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New details on 787 fire but little headway in inquiry

The first report of a possible fire came from a cleaning worker just minutes after the passengers and crew had left a Boeing 787 jet that had landed shortly before at Logan Airport in Boston. A cleaning worker noticed “an electrical burning smell and smoke” in the back of the cabin, according to a report released Thursday by the National Transportation Safety Board.

A mechanic then saw and smelled smoke there before seeing two distinct flames about 3 inches long at the front of the case holding the plane’s lithium-ion battery in the electronics bay.

Other managers reported smoke in the nearly empty passenger cabin that was “intense” and “caustic smelling” before summoning firefighters, who found “a white glow with radiant heat waves” coming from the battery, the report said.

The battery was also hissing loudly and leaking liquids and seemed to be reigniting. Standard fire suppressants had little effect, the report said, and a fire captain’s neck was burned, he said, when the battery “exploded.”

The new details about the fire were in a preliminary report that indicates that the board has still not made much progress in figuring out why a battery in the new Boeing 787 jet parked at the airport burst into flame on Jan. 7.

—Christopher Drew and Jad Mouawad, The New York Times

Students initiate inquiry into harassment reports

The U.S. government has begun an investigation into claims that the University of North Carolina, Chapel Hill, routinely botched sexual assault and harassment complaints and mistreated victims — the latest in a series of similar allegations against high-profile colleges and universities.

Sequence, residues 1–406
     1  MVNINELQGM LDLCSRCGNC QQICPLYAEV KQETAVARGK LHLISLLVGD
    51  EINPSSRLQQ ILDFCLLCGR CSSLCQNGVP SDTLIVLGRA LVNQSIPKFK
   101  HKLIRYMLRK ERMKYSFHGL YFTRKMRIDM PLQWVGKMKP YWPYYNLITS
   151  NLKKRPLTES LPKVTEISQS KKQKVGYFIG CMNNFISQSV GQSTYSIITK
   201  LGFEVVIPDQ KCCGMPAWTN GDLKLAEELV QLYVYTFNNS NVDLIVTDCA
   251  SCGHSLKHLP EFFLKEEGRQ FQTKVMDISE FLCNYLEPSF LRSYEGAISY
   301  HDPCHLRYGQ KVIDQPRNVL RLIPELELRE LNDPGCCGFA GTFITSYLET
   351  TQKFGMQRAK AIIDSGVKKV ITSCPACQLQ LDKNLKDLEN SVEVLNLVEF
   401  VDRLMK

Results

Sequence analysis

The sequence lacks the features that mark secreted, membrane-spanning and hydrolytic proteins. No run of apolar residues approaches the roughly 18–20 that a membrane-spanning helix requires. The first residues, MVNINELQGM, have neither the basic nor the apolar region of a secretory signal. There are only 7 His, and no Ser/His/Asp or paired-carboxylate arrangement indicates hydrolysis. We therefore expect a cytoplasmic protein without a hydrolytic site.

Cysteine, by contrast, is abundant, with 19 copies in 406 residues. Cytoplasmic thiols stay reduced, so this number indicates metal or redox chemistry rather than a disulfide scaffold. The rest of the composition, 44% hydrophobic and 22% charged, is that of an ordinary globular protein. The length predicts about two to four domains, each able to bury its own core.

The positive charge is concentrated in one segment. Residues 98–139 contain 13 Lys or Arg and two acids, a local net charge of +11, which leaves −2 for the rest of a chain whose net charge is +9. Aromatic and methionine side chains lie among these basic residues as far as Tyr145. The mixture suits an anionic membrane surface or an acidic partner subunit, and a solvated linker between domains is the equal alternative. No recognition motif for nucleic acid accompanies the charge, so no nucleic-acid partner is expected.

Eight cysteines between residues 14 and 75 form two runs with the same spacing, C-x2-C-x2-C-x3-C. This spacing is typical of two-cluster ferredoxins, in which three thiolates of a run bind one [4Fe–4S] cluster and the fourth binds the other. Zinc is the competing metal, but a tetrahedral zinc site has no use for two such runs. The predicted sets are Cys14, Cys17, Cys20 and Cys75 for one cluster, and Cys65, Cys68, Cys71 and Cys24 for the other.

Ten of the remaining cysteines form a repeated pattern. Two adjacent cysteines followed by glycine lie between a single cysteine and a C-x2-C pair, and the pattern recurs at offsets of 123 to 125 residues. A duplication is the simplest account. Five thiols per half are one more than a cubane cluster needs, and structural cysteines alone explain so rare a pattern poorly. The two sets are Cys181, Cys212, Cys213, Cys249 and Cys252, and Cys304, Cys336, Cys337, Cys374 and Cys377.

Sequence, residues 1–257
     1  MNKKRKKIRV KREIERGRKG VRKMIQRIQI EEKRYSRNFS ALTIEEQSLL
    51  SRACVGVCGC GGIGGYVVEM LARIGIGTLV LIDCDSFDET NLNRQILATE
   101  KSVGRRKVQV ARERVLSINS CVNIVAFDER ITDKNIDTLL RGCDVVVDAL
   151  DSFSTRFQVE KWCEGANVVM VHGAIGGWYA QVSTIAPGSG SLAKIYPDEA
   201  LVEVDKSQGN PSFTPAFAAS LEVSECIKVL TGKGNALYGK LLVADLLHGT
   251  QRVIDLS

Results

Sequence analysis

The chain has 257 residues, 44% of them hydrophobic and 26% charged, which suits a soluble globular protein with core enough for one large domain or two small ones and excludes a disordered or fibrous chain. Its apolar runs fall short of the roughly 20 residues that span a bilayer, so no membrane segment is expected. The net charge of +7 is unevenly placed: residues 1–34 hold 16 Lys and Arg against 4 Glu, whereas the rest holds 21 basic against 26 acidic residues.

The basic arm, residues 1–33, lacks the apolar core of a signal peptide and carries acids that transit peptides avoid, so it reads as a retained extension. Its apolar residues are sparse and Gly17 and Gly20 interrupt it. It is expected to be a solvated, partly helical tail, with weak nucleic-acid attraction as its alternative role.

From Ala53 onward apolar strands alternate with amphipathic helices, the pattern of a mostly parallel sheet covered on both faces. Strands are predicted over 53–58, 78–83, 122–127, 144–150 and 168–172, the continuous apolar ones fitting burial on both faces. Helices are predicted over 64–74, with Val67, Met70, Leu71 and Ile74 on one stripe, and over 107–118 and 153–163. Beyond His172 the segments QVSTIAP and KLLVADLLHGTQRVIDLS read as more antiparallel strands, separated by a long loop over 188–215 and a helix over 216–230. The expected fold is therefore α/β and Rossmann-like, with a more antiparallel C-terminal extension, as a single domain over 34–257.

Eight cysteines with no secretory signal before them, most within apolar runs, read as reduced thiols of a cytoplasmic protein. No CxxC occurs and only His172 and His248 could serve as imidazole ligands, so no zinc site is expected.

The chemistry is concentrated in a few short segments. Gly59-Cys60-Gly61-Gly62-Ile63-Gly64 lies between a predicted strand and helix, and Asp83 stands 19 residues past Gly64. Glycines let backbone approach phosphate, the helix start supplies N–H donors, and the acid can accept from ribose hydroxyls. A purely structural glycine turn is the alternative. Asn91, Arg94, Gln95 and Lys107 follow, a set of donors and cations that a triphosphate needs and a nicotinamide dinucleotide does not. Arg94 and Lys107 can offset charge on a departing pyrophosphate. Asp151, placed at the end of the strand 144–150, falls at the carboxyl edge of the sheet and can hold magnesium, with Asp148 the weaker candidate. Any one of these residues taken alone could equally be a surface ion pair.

In January, a group that includes current and former students and a former administrator filed a detailed complaint with the Education Department’s Office of Civil Rights, after interviewing what the authors say were hundreds of victims, many of whose cases they contend were mishandled.

The university’s chancellor, Holden Thorp, said he received a letter Wednesday informing him that the civil rights office was investigating the charges.

Neither the authors of the complaint nor federal officials have made the 34-page document public, and university officials say they have not seen it, though parts of it have been described by the student newspaper, The Daily Tar Heel.

—Richard Perez-pena, The New York Times

Plan to ban trade in polar bear parts is rejected

BANGKOK — A proposal to ban international trade in polar bear parts was rejected Thursday at a major conference on wildlife trade, highlighting the difficulties of reaching a global consensus on protecting many kinds of endangered wildlife.

The question of whether to upgrade the protective status of polar bears was a leading subject of debate by the Convention on International Trade in Endangered Species, or CITES, which is meeting here in Bangkok.

Others include proposals to extend protection to three species of sharks, manta rays and freshwater sawfish, and to various species of timber.

The polar bear proposal was put forward by the United States but opposed by Canada, Greenland, and Norway, all of which have polar bear populations. A compromise offered by the European Union, which would regulate the trade with export quotas and a tagging system rather than banning it entirely, also was rejected by the convention.

—Bettina Wassener, The New York Times